"Basically the things they have done are for appearance sake and place the responsibility on the parents and the children such as the Safe Touch program for children and the Protecting God's Children program which teaches adults how child molesters work and how to keep children safe, how to spot molesters. Unfortunately, I have not seen the zero tolerance policy being followed. They expect the faithful to believe it because they say they are doing things and many do as I did for so many years."

Is there an approximate percentage of sexual abuse that is actually reported today?

"There are studies on the sexual abuse that's out there. The problem with these numbers is that it carries a certain stigma of responsibility for the victim when they report the sexual abuse. A child, or even an adult, who is victimized, would be re-victimized by the congregation or the public should they tell. Many rapes and molestations go unreported so the data is not completely accurate no matter who is collecting the numbers."

What originally prompted you to save correspondence, emails and other documentation in regards to your brother and the church?

"I have always been one to save a letter for a while to go back to if needed. With Norman, and later his superiors, I kept them to go back to should I need to remember what he said or what I said in reply. Although my faithful upbringing said 'trust,' I guess subconsciously, when their behavior said 'don't trust me,' I felt the need to keep everything just in case and it did come to serve me well."

Do you continue today to advocate for victims of abuse within the church? Has the cultural climate become more accepting of hearing your message of hope and support that all victims deserve?

"I do continue to advocate for victims. Every chance I get I speak the truth to clergy and to members of the Catholic congregation. I have to say that some changes have occurred in the past decade. Seeing that other victims' reports are being believed, more victims have been finding the courage to report their own clergy abuse. Now while people may not be completely embracing the victims yet, many have been at least willing to read my book and see the truth. There's a long way to go yet."

Are there any additional comments you'd like to make about your book?

"I poured out my heart and soul as I recounted the past twenty-seven years. I speak of things I did right as well as things for which I am not proud. It's my hope that the reader can gain an understanding of how naive I was, especially at the beginning and dealing with my brother and the church officials. While all I had was information from my daughter, my brother and hierarchy, the heartache and responsibility to help the victims was overwhelming to both me and my family. The Catholic Church has had confidential, thorough, heart-breaking files of first hand reports from actual victims and detailed confessions from their pedophile priests. Yet all they do is deny and ignore. No compassion, no accountability, no love. Why can they not be the example of what they have taught their followers throughout their life? Why can't they encourage all members of the faith to be compassionate towards all victims? The church policies need to be changed. They must stop protecting the church's reputation before they protect children. And people need to speak up; we all need to live Christ's values. Live the religion we were brought up in, especially the clergy, our moral leaders."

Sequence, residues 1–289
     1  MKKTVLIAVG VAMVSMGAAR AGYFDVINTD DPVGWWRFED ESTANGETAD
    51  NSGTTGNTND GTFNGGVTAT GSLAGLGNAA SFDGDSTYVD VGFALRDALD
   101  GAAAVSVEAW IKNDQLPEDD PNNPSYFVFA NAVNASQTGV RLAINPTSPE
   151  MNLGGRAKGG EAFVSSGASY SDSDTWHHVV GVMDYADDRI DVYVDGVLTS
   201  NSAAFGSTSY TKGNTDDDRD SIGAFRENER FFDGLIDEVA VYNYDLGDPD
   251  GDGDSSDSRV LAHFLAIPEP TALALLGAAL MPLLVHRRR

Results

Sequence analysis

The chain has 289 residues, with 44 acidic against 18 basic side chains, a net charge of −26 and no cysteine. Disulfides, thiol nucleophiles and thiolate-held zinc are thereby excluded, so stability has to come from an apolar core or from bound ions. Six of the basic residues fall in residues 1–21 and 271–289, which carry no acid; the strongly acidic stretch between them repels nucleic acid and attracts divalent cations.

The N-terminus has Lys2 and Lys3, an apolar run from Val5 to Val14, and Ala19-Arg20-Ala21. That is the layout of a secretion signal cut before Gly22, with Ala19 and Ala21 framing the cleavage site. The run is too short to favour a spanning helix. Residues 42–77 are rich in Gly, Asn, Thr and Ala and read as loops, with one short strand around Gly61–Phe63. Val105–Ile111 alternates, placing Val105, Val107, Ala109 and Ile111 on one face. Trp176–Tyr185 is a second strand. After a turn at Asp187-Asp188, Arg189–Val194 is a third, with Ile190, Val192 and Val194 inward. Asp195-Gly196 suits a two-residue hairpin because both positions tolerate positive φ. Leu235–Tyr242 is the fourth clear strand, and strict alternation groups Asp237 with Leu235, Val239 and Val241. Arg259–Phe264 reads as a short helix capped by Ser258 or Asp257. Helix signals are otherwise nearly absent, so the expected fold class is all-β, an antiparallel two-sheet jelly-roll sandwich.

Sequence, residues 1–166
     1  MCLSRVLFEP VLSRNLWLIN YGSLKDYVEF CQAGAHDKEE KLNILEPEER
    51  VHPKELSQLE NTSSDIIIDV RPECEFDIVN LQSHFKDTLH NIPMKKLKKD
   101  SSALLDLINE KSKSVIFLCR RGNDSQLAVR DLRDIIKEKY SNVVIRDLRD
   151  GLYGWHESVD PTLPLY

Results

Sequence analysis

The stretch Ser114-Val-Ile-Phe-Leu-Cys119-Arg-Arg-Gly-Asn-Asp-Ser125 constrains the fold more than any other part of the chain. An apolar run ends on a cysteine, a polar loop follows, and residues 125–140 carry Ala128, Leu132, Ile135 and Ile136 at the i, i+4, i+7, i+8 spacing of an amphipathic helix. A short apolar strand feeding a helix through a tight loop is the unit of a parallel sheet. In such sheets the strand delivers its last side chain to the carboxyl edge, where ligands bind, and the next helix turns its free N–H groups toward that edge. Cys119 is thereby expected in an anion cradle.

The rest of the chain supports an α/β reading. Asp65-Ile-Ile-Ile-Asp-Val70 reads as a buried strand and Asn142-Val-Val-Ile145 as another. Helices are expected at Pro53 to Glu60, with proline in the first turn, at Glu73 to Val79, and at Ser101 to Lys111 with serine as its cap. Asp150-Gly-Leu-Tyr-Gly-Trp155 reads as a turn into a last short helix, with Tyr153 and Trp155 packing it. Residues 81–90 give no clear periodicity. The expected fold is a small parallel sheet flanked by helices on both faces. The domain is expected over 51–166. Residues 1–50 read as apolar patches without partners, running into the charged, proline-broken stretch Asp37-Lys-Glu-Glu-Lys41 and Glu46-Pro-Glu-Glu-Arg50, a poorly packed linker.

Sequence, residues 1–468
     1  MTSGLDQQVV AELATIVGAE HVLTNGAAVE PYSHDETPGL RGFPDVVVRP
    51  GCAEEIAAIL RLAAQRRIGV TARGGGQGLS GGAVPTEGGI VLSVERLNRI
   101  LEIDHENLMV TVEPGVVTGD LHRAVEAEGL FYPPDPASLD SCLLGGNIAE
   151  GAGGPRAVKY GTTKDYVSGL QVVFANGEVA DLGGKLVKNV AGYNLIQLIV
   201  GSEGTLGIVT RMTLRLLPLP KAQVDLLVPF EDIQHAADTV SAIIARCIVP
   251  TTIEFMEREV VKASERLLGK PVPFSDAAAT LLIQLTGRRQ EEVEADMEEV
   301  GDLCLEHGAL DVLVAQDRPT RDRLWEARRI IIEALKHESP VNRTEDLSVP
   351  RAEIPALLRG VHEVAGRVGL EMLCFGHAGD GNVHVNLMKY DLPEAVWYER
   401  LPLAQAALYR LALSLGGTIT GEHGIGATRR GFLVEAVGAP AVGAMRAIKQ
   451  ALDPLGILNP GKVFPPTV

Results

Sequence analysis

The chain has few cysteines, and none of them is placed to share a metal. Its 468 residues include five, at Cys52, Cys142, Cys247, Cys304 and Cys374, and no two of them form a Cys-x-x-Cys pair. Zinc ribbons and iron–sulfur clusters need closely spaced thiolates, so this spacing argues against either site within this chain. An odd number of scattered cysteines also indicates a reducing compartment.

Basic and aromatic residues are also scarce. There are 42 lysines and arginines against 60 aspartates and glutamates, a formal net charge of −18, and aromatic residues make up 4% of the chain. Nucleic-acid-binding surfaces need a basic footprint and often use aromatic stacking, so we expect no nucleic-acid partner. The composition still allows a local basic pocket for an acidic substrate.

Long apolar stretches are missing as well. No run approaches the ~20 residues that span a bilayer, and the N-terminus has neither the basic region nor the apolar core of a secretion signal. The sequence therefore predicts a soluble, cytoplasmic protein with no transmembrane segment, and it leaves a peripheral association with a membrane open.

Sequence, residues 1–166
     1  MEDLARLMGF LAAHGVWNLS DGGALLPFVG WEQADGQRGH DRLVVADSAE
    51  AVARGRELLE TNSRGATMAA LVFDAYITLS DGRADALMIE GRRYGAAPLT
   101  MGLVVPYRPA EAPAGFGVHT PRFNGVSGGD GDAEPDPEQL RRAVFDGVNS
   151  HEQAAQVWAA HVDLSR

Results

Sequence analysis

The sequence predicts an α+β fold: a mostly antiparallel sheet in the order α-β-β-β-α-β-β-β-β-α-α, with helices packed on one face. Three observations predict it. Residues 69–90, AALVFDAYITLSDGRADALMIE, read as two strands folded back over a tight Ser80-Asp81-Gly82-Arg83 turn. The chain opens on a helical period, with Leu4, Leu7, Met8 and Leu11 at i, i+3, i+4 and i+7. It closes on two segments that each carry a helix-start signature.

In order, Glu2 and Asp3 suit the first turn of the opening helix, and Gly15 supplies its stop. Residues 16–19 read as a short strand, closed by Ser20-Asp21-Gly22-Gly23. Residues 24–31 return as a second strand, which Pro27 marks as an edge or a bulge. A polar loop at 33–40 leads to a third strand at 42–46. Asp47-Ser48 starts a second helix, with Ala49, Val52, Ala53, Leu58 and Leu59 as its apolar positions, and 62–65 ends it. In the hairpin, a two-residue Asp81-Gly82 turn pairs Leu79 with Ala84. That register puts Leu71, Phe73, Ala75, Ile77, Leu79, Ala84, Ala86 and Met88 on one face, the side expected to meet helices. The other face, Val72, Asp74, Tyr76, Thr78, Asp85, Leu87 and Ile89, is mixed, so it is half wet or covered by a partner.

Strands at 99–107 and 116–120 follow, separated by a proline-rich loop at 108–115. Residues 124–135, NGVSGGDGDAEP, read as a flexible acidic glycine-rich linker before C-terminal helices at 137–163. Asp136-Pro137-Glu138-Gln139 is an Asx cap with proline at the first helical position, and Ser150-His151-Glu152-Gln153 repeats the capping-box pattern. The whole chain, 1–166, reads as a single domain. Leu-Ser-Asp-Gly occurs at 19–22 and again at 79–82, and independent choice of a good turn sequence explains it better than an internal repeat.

Laure, thank you for giving me the opportunity to speak with you today."

I do appreciate your time, Carol, and as I have said, your integrity came through very clearly in your book; obviously this was a very painful time for your family and I pray that you're all continuing to heal together. Over time, God's given you a voice to speak out for these victims. I think we would all be shocked if we knew how extensive the abuse has been and I do thank you so much for this interview.

Thank you to Carol Kuhnert for being a much-needed voice within the Christian community. May others listen and lead with compassion as true followers of Jesus Christ.

Laure McCourt Lopez
March 14, 2015

Carol Kuhnert is a lifelong member of the Roman Catholic Church. Upon discovering the truth that her brother is a pedophile, she has made it her mission to confront the issue and push for change and reconciliation. She has been married for over 52 years and currently resides in Missouri.

"No Longer on Pedestals"
By Carol A. Kuhnert
iUniverse, Inc
Published 1/29/2015
ISBN-13: 9781491750674
402 Pages
Softcover $23
E-book $3.50

© Copyright 2002-2014 by Magic City Morning Star